Neu: Yes, this is what they stood up for--even many of the members protested individually, such as Nadia's [Nadezhda Tolokonnikova] history of protesting. So we thought we would take this as the core of the book. And then last year I went to see seven shows at Antony's Meltdown Festival because I reviewed it for a German music magazine. I was so inspired by his take on 'Future Feminism,' I thought I wanted this to be very present in the book. We didn't really have any existing contacts for the book. So we chose the artists we wanted for this and we just approached them. And we kept approaching them. Then we took the concept to Rough Trade Records. It is really unusual for a book to go to a record company and they have actually published a book in the past. With their history and what they stand for we thought the that this would be the perfect match. So we went there and they were incredible. They just gave us all the freedom. I think this project really needs freedom because if you give this into the wrong hands it could easily be turned into something commercial or covered with a balaclava to sell better. But that's not what it's about at all. So, I stayed on with 'Free Pussy Riot' since last March and worked on this book together with the girls from Pussy Riot. The first chapter gives you an overview of the case including the court statements which were kindly donated to us by Feminist Press. They donated their translations to us that have appeared in the textbook they published. The girls have also written a manifesto of Pussy Riot and a history of Pussy Riot. We also have a conversation conversation between Charlotte Richardson Andrews and Kerry McCarthy in the first chapter. The Second Chapter starts with Kembra Pfahler from the Voluptuous Horror of Karen Black giving an introduction which is a very personal letter which shows the tone of the book, it is all very personal. And then you have nearly 70 artists including Yoko Ono, Robyn, Jón Gnarr Mayor Reykjavik, Judy Chicago, Kara Walker, The Knife, and so many people.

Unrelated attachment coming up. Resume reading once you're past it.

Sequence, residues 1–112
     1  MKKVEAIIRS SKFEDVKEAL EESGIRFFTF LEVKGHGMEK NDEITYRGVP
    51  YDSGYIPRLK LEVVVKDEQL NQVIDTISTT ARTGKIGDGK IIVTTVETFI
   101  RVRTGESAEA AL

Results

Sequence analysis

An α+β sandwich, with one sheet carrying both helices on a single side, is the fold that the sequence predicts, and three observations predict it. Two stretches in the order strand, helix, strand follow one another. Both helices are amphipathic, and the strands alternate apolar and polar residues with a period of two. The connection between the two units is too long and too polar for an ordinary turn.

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Baby Girl by Bianca Casady (2102)

Vigo: How did you decide on your collaborators? For instance, not everyone was a woman necessarily and yet this text pivots from a feminist exploration of human rights.